Another of our critical research capacities is to produce food which is more nutritious and has higher consumer appeal—either due to an improved nutritional profile, or through sensory qualities.
Increasingly, our research is about traceability to give consumers confidence in understanding where and how food their food is produced.
In the case of beef, traceability starts from the birth of an animal. We can collect its DNA and sequence it. We can identify the animal when it comes to the crush and select whether it is used for breeding or sent off to the abattoir.
We can follow all the cuts of meat that come from that animal. We can encode quality information along with its genetics and origin (provenance) information and that it can be tracked right through into the hands of the consumer at a very low cost.
We are also working very actively in the livestock area on carbon, methane gas emissions reduction.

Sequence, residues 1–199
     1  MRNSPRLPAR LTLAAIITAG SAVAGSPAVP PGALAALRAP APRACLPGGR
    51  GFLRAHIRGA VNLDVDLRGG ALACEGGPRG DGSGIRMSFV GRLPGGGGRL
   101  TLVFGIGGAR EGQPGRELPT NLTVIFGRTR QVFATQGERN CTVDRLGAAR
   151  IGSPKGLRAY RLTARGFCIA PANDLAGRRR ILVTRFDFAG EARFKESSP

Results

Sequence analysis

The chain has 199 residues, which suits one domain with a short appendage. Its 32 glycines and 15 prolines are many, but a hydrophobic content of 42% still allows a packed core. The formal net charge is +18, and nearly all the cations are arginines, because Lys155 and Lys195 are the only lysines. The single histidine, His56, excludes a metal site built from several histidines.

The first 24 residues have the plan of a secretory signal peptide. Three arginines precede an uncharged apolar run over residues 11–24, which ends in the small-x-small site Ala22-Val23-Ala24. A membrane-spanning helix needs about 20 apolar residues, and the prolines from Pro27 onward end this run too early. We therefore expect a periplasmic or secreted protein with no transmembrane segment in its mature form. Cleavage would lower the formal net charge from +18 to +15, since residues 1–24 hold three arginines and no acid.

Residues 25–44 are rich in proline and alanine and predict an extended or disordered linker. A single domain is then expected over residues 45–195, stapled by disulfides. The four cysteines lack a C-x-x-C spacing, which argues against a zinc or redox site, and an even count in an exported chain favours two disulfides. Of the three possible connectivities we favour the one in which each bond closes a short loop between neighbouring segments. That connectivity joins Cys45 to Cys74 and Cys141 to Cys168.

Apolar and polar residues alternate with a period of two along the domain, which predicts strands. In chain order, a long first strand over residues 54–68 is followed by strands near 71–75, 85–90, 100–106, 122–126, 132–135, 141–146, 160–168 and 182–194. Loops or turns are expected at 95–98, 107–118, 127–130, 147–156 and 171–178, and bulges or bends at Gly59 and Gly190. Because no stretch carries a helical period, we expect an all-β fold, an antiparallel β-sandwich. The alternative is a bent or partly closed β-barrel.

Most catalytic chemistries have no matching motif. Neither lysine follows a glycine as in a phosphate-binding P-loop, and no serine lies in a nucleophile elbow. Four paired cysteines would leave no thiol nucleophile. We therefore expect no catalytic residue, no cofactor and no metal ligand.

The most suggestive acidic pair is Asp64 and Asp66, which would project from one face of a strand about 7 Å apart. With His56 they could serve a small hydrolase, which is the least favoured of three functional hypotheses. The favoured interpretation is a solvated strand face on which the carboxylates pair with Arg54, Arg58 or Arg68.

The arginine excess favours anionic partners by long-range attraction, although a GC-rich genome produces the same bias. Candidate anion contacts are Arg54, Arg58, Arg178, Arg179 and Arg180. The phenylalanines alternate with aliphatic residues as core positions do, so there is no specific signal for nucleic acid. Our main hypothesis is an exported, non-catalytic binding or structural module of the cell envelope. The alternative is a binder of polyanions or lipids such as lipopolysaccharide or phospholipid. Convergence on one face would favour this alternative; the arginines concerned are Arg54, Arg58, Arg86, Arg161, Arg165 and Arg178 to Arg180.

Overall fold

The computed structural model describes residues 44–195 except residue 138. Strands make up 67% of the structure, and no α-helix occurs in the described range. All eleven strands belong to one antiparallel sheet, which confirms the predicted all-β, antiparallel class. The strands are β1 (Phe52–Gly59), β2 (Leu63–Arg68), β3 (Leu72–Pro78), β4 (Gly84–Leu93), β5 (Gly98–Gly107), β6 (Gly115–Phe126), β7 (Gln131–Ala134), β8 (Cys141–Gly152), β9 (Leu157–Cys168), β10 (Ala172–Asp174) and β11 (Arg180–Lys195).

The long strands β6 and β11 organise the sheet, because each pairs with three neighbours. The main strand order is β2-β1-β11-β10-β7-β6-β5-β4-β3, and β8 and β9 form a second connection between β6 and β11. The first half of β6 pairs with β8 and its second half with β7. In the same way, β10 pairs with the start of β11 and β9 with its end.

In the horticulture area, the focus is also on the production of high-quality, nutritious produce, but also in ensuring this produce can be delivered to export markets to generate higher rates of return.
And this is where our work in protected cropping is focused—to facilitate year-round servicing of high value markets in a resilient and reliable manner.
Other game-changing innovations include reducing reliance on pesticides through our BioClay technology.
These projects reflect our focus of not just producing more yield to create higher levels of profit, but also reducing pressure on the environment.